PhD portfolio manager John Hussman advises investors to "run" rather than walk away from "market conditions among the most negative 1 percent of observations on record." In a letter to shareholders published Monday, the data-crunching former finance professor and head of the eponymous Hussman Funds issued his latest warning about "overvalued, overbought, overbullish markets."

Hussman advises investors to ask themselves "what portion of your portfolio do you expect (or even hope) to sell before the next major market downturn ensues? Almost by definition, that portion of your portfolio is speculative in the sense that you do not intend to carry it through the full market cycle…With respect to those speculative holdings, and when to part with them, my own view is straightforward. Run, don't walk."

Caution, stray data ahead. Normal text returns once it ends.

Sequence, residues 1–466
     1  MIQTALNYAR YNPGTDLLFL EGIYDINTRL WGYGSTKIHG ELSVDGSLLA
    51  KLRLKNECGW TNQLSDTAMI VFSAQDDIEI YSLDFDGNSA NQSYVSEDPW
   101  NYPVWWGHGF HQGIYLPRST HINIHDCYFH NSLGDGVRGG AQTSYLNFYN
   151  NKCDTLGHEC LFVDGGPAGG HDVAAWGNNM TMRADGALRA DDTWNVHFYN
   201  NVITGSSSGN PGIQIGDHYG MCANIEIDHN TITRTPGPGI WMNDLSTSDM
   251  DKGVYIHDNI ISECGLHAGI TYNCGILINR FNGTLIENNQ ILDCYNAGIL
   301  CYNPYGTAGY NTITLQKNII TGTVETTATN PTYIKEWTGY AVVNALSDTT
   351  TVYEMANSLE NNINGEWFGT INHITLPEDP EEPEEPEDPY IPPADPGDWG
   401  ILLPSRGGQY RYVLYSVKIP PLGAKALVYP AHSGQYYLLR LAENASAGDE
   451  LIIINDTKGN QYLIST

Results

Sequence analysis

Hussman's dim view of stock market returns in the coming decade, and the next six to 18 months particularly, is based on a view of market metrics he believes investors have not (yet) come to share. For example, he criticizes Wall Street's infatuation with current, low price-to-earnings multiples.

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